Chapter 1: The West
Chapter 2: Industrialization
Chapter 3: Gilded Age Politics
O’Malley, M. (2004). Alien menace. Retrieved from http://chnm.gmu.edu/exploring/19thcentury/alienmenace/assignment.php
This article provides images and explanation related to the reception many immigrants in the late 1800s received. It also discusses the idea of â€œwhitenessâ€ and how that characterization did or did not apply to these immigrants.
Jones, R. (Writer), & Hawksworth, R. (Director & Producer). (2001). The American industrial revolution [Video file]. Retrieved from https://secure.films.com/OnDemandEmbed.aspx?Token=47596&aid=18596&Plt=FOD&loid=0&w=640&h=480&ref=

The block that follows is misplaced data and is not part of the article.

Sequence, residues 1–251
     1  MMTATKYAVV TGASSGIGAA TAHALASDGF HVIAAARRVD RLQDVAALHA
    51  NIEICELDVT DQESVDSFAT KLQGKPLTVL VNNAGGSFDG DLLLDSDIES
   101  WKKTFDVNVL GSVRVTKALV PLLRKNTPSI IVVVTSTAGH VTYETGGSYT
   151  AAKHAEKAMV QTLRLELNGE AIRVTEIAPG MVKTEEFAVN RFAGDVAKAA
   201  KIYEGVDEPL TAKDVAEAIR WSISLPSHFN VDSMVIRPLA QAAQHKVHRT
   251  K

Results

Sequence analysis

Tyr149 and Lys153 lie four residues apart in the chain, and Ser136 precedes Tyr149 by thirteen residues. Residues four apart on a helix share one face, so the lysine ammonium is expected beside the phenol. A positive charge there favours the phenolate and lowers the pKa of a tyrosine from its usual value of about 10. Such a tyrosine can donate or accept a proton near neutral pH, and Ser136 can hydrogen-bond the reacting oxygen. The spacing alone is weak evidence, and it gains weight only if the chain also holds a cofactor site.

This film discusses the Industrial Revolution, including the social, cultural, economic, and political impacts.
Hudson, L. M. (2008). Entertaining citizenship: Masculinity and minstrelsy in post-emancipation San Francisco. Journal of African American History, 93(2), 174-197. Retrieved from the http://www.jaah.org/
This scholarly article looks at the ways that minstrel shows portrayed African American men and how these portrayals reflected social attitudes related to race and masculinity in San Francisco in the years after the Civil War. This is a scholarly secondary source that can be used for the discussion board posts and for the Final Project. This article can be accessed from the EBSCOhost database in the Ashford University Library.
Zylstra, G. D. (2011). Whiteness, freedom, and technology: The racial struggle over Philadelphiaâ€s streetcars, 1859-1867. Technology and Culture, 52(4), 678-702. Retrieved from https://www.press.jhu.edu/journals/technology_and_culture/